Dr. Nicole Tang, Warwick Medical School

Painkillers frequently are prescribed to manage chronic pain that disrupts sleep. But a systematic review by a team of psychologists and medics found that research on the use of opioid drugs for aiding sleep is limited and that existing studies rarely consider side effects.

In fact, potential problems associated with the drugs may far outweigh the few reported benefits found, and it’s unclear whether patients understand this, lead author Nicole K. Y. Tang, Ph.D., of the University of Warwick, U.K. told McKnight’s.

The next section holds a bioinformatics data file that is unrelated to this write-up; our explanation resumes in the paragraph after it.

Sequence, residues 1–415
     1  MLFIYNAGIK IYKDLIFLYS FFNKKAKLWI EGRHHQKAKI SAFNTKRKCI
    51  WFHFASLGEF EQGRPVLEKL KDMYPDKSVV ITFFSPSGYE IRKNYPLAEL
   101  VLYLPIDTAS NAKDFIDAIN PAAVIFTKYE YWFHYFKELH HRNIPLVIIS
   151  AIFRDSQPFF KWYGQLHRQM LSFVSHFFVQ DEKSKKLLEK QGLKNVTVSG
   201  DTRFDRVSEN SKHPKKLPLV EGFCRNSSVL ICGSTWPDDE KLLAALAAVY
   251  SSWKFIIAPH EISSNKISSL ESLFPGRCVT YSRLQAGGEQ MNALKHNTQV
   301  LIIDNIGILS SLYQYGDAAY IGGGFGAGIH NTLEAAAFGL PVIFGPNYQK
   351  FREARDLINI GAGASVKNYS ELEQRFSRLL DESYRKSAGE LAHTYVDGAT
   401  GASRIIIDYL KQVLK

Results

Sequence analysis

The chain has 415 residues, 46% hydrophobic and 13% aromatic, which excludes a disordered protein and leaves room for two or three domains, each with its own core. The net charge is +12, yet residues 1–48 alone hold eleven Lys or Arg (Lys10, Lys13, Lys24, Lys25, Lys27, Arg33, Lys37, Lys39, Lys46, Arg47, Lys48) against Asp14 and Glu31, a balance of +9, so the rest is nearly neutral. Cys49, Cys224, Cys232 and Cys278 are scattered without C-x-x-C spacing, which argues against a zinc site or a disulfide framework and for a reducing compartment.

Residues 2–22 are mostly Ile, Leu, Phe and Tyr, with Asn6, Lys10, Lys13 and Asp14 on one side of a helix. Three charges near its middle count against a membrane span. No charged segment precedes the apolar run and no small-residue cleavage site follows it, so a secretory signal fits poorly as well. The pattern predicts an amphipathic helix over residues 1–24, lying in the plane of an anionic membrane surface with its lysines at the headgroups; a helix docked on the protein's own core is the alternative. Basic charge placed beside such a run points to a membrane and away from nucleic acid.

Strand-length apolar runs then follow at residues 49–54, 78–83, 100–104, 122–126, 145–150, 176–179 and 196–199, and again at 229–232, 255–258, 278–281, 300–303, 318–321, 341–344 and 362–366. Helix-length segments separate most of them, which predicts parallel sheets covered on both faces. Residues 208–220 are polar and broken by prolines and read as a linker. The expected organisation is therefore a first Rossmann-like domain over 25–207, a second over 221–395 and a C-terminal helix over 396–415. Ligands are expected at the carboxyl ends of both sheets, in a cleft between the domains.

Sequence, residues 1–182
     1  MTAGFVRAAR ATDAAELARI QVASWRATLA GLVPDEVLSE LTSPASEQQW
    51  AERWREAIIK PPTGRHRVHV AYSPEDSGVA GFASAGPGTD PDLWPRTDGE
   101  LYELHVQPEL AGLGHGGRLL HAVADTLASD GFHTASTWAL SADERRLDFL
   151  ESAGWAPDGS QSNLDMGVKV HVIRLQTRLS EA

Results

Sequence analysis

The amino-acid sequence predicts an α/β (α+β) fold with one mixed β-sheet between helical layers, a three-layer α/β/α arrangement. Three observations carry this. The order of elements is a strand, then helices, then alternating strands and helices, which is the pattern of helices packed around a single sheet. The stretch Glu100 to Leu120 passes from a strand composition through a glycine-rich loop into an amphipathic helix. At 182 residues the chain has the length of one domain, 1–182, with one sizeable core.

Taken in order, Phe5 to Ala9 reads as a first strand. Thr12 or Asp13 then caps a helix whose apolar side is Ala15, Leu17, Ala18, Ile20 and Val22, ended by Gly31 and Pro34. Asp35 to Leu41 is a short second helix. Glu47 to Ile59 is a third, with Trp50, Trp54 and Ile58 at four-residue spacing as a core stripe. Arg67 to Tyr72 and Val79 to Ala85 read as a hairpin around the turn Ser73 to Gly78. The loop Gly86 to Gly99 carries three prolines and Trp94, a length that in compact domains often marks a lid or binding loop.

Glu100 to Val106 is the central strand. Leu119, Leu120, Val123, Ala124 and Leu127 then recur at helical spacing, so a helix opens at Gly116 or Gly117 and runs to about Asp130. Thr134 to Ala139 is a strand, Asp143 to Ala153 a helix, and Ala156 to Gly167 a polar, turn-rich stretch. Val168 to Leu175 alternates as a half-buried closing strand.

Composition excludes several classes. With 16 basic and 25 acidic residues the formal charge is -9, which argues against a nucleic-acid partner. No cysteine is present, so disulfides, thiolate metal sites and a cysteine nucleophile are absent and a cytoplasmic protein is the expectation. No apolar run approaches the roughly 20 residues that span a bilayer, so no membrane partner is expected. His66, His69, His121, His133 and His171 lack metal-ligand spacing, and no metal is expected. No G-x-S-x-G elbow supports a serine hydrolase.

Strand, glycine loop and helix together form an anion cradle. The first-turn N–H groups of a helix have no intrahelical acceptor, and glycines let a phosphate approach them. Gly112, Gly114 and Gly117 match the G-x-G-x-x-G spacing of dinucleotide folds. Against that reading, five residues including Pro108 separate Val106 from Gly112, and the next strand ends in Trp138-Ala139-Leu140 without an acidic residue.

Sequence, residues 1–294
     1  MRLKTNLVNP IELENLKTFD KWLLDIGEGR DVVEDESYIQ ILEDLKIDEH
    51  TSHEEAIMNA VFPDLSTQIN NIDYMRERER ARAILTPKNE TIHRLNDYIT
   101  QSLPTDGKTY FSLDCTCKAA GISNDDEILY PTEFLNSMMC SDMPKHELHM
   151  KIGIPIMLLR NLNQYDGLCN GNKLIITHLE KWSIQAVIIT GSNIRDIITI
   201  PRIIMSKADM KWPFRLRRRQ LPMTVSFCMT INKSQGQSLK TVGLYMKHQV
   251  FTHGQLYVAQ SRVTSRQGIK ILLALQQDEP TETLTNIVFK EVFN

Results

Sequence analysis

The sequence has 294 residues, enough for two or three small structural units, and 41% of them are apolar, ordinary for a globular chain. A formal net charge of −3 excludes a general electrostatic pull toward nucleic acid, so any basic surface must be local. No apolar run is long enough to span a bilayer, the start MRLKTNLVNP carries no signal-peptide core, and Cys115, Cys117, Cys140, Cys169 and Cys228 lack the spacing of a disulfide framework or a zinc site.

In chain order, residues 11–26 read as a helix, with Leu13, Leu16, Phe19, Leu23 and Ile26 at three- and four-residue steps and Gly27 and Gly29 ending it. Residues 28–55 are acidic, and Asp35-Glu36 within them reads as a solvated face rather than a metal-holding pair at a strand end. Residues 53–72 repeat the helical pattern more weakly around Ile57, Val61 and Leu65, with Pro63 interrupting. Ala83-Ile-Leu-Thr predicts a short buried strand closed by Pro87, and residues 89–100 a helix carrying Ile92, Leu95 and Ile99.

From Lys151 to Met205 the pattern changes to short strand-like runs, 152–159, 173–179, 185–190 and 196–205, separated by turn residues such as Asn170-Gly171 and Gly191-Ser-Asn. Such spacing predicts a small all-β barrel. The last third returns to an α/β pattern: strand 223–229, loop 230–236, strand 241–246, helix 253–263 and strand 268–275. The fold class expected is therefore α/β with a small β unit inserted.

“If we were to ask patients given opioid therapy to give an overall judgement about their sleep quality, they might report improvement but the effect is small and inconsistent,” she said.

Side effects associated with the use of opioids include excessive daytime sleepiness, decreased concentration and memory, nausea, and constipation, Dr. Tang said.

“The use of opioids is also linked to structural changes in sleep and an increased risk of disordered breathing during sleep,” she added. “However, we don’t know whether patients are discounting or simply not aware of these [effects]. This is something worthy of future investigation.”

Read further about this review.